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European UrologyVolume 62, issue 6, pages e95-e106, December 2012
Oral Mucosa as a Reservoir of Human Papillomavirus: Point Prevalence, Genotype Distribution, and Incident Infections Among Males in a 7-year Prospective Study
Accepted 20 June 2012, Published online 29 June 2012, pages 1063 - 1070
In addition to the anogenital malignancies, human papillomavirus (HPV) has been linked to oropharyngeal cancer as an important risk factor in both men and women. Knowledge of oral HPV infection among males is needed to elucidate the transmission routes and potential for prevention.
To assess the prevalence, genotype distribution, and incidence of oral HPV infections among healthy Finnish men followed for 7 yr.
Design, setting, and participants
Oral scrapings for HPV testing were taken from 131 fathers-to-be (mean age: 28.9 yr) at baseline and at 2-mo, 6-mo, 12-mo, 24-mo, 36-mo, and 7-yr follow-up visits to detect prevalent and incident HPV infections. Purified DNA extracted from scrapings was used for HPV genotyping, with the Multimetrix kit (Progen Biotechnik, Heidelberg, Germany) detecting 24 genotypes.
Outcome measurements and statistical analysis
Point prevalence, genotype distribution, and incident rates of oral HPV infections. Demographic data were collected using structured questionnaires, and covariates of incident oral HPV infections were analysed using uni- and multivariate Poisson regression (for panel data).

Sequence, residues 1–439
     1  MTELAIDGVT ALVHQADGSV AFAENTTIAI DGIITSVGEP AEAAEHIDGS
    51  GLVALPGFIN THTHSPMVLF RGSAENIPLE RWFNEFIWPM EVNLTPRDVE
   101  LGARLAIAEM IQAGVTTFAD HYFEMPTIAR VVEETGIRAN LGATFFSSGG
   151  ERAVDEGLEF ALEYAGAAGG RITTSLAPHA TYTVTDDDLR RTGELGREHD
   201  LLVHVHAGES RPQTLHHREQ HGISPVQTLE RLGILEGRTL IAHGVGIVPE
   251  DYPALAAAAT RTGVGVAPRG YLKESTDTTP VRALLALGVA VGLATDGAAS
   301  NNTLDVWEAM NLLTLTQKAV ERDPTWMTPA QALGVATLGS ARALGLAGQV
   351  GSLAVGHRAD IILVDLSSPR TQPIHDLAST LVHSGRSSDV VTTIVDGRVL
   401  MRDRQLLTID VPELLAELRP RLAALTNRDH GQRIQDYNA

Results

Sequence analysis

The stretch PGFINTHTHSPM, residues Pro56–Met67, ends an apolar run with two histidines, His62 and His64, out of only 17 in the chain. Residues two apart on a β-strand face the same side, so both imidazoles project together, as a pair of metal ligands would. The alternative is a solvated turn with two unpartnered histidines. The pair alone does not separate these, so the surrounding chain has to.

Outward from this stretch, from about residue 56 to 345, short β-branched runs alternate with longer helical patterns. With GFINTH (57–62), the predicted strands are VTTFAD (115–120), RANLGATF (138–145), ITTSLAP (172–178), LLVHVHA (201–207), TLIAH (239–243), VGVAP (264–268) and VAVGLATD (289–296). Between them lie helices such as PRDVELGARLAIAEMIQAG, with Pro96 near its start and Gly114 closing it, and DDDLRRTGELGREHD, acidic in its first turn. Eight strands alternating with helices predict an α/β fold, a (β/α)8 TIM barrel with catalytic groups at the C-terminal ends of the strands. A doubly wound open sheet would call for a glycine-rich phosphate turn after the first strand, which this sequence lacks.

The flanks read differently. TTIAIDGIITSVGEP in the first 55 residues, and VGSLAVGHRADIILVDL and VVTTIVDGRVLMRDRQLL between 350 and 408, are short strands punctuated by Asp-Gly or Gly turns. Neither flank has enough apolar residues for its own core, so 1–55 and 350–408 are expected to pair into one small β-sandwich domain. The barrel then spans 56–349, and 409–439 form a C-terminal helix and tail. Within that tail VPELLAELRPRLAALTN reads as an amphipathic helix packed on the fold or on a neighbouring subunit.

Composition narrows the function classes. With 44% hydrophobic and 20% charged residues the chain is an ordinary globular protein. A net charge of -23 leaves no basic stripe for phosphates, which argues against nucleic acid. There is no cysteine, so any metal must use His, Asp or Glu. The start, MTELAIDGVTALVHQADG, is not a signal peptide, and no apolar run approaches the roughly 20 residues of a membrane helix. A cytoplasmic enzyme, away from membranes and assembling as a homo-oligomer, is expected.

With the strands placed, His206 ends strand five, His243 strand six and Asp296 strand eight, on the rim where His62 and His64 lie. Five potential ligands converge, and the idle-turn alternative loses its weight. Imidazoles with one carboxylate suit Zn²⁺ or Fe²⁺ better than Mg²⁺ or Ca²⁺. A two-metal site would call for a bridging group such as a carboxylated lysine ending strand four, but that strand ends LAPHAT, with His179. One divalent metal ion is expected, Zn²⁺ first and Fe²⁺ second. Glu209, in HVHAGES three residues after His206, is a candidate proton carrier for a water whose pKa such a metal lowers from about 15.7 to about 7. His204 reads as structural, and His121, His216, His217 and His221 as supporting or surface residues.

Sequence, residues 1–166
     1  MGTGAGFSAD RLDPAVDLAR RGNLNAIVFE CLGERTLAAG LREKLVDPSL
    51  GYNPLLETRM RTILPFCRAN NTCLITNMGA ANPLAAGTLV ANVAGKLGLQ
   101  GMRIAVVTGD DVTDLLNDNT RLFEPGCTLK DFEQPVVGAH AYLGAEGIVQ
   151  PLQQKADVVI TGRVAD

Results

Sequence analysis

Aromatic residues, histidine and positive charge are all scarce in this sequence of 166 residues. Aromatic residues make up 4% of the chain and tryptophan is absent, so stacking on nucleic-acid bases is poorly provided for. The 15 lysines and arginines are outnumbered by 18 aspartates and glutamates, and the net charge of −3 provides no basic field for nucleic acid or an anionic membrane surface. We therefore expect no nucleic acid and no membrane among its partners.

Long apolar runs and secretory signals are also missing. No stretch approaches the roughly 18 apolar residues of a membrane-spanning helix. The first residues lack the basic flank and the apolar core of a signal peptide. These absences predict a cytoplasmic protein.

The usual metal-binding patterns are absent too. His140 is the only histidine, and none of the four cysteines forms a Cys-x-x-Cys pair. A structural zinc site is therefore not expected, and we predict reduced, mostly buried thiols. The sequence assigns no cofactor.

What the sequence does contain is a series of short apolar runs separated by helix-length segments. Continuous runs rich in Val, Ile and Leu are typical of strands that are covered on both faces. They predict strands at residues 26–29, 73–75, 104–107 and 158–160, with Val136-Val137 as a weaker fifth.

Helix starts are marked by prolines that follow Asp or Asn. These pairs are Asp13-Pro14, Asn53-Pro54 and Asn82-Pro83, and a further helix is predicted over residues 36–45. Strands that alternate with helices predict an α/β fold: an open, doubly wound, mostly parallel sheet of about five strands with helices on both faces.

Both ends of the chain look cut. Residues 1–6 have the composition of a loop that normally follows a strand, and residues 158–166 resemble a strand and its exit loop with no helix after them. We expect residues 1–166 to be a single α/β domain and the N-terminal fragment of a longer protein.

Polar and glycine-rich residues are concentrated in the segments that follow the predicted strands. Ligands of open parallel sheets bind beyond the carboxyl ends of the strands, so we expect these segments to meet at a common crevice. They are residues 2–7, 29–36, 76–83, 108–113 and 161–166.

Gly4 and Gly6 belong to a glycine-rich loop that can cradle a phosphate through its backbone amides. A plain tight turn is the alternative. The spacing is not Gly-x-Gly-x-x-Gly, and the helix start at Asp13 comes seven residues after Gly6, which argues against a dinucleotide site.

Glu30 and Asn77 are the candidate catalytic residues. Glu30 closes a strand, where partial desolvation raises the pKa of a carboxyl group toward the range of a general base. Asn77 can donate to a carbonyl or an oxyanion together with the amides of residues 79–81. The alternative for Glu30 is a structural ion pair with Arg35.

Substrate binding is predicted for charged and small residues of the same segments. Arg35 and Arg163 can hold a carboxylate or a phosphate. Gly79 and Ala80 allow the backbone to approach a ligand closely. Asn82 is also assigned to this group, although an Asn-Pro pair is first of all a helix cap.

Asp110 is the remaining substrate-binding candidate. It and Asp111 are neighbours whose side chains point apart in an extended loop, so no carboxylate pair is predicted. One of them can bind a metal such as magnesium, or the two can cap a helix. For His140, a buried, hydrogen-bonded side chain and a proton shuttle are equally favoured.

Results and limitations
The point prevalence of oral HPV infection fluctuated from 15.1% to 31.1% during the follow-up period. In total, 17 different HPV genotypes were found. At baseline, the single most frequent genotype among the HPV-positive samples was HPV16 (33.3%; 8 of 24), followed by HPV33 (12.5%) and HPV82 (12.5%). Multiple-type infections comprised 16.7% (4 of 24), HPV16 being involved in all combinations. For baseline-negative men, the mean time to the first incident infection ranged from 3.9 mo (HPV82) to 25.7 mo (HPV56). None of the demographic factors was a significant independent predictor of incident oral HPV infections in multivariate models.
Detection of oral HPV DNA carriage in men is common, HPV16 being the most prevalent genotype. Oral mucosa may play a significant role in HPV transmission.
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